Most sports junkies have seen, in person or televised, the sport of rugby, a rugged sport that began overseas but later became part of the American sports landscape.
Women’s rugby, like men’s rugby, is a full contact team sport that also began overseas and crossed the Atlantic, with two former Halifax County High School and current Longwood University athletes, Jeri Lynn Tyler and Sydney Wilborn recently embracing the sport in joining the women’s rugby club at Longwood.
Women’s rugby is similar to men’s rugby in that both are full contact team sports based on running with the ball in hand.
Both sports are played with the same equipment and same-sized pitch, or field, and Tyler and Wilborn quickly realized the differences between rugby and softball, their sport of choice in high school.
Both began playing rugby at Longwood in March 2020, shortly before COVID-19 protocols shut the sport down, and following spring practice, the team is expected to hit the pitch again this fall.
“I was just finishing my first year right before COVID hit,” said Tyler, who, along with Wilborn returned to Longwood during the fall of 2020.
Wilborn, along with Tyler, wanted to try something different having primarily played softball most of their athletic lives.
“I wanted to try something different having played softball in high school,” explained Wilborn.
“It’s just something different. Jeri talked about how different it was from high school sports, and I love it.
“The best part is meeting new friends and new teammates. Once you try something new, you have a better understanding of what it takes to compete in sports.”
The ball is tossed laterally or behind a player in rugby, and Tyler and Wilborn had to made adjustments once they started playing rugby.
“We went from throwing the ball forward all of our lives to throwing the ball backwards,” noted Tyler, adding that rugby is normally played with seven players for each side in the fall and 15 per side in the spring.
“More girls come out for the sport in spring,” explained Tyler, who’d never seen rugby before.
“I joined it completely blind. One of my professors is the rugby coach so he convinced me to join, and I told Sydney about it.”
“When I got there, he asked if I was ready to get tackled, and I said I didn’t know what he was talking about, and at our first practice I just got totally annihilated by another girl when I got tackled,” Tyler added.
Wiborn had heard that rugby was a physical sport, and she noted that tackling was something she had no experience with.
“It has all kinds of different aspects to it,” explained Wilborn. You throw the ball behind you, run as fast as you can and prepare to be tackled.
“The mechanics are different, and it’s hard to learn different mechanics from a sport you played all of your life.”
Wilborn is a “scrummy,” one of the mass of players from both sides colliding in a “scrum” to gain possession of the ball.
“We’re the main people on offense, you go get the ball and determine to go left or right,” she said. “You’re in charge of the offense with the ball.”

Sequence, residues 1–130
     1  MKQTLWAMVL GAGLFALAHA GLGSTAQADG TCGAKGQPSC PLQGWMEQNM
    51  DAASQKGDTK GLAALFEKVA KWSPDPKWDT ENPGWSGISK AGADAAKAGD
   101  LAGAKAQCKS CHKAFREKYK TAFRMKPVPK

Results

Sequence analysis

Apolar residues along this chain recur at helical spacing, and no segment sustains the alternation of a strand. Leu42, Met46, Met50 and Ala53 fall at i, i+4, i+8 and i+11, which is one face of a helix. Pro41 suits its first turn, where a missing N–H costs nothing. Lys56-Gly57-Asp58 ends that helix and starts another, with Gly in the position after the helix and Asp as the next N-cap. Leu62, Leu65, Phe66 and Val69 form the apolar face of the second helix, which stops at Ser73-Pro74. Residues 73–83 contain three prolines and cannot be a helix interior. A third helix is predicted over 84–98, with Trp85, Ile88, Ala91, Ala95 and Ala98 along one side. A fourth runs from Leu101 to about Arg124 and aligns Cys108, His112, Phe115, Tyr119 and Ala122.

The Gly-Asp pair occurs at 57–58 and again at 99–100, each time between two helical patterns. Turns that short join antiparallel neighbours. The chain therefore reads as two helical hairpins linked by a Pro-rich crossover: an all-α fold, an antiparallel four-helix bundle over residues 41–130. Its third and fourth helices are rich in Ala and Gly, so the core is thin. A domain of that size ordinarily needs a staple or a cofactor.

A scrummy by definition can be compared to a quarterback on a football team, while Tyler is a “wing” and plays on the outside of the formation.
“In rugby you form a diagonal line. “I’m one of people on outside of the line, and I have to hear from Sydney where to run,” explained Tyler.
“As soon as you’re tackled the scrummy has to get to your position and form the line in three seconds.”
“You can’t wear pads or anything but what you may not know about rugby is everybody knows how to tackle,” added Tyler.
“It’s very strategic in how you tackle somebody. When I first joined my whole practice was getting tackled and learning how to tackle.
“Rugby is really a very strategic game and not all about tackling, and I never realized it until we scrimmaged.”
Players have mouthguards and some choose to wear goggles to protect their eyes, according to Wilborn, and players wear cleats much as many athletes such as football players.
Players without the ball are allowed to break through the line while players on offense lateral the ball down the line, sometimes resulting in a breakaway, Tyler noted.
“I learned that on defense when they passed to the next player, I’d run between them and steal the ball, and usually on a breakaway it’s just me,” Tyler explained.
“I’m always thinking ahead of possible scenarios,” noted Wilborn, who played short stop and second base in high school.
Tyler was an outfielder to take advantage of her speed.
Both Tyler’s and Wilborn’s parents were a bit apprehensive when they found out their daughters planned to play rugby, especially one that involved a lot of tackling and physical play.
Brian and Vicky Tyler, as well as Chris and Sandy Wilborn were cautious at first but once they heard how much their daughters liked the sport, as well as the measures taken to protect the athletes, they supported them.
“Once you explain the sport, things get better, and they get a better understanding of it,” noted Wilborn.
Tyler’s parents have become more accustomed to the physical nature of rugby, and they tell her about the rugby highlights they’ve seen on television sports programming.
Wilborn, like Tyler, has grown to like the sport.
“The physical side of rugby is new, but I enjoy the overall experience,” Wilborn concluded.